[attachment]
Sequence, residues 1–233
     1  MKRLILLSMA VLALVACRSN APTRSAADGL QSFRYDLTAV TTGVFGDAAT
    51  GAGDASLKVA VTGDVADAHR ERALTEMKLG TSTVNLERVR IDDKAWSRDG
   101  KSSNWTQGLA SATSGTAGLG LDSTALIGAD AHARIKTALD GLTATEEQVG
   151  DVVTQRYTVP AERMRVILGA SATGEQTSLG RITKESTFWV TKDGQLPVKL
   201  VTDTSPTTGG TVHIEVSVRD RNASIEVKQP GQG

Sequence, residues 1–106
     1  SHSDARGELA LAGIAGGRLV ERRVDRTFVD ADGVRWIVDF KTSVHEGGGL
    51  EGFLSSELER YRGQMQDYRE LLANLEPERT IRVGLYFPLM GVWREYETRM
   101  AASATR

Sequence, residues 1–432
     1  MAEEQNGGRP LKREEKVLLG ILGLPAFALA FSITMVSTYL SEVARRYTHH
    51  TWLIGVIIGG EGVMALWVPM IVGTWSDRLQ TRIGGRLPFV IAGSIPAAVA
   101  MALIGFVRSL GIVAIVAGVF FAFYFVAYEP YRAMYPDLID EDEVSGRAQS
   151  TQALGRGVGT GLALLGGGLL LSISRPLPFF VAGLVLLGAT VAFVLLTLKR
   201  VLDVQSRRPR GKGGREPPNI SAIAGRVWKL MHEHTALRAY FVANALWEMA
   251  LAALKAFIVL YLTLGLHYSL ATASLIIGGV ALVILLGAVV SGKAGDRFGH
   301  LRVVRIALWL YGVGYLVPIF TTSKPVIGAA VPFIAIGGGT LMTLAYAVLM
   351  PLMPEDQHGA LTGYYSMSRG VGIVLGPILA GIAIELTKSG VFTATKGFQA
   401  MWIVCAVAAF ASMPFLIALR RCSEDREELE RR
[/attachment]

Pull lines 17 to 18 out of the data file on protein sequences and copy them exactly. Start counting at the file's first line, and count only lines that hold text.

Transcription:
   251  LAALKAFIVL YLTLGLHYSL ATASLIIGGV ALVILLGAVV SGKAGDRFGH
   301  LRVVRIALWL YGVGYLVPIF TTSKPVIGAA VPFIAIGGGT LMTLAYAVLM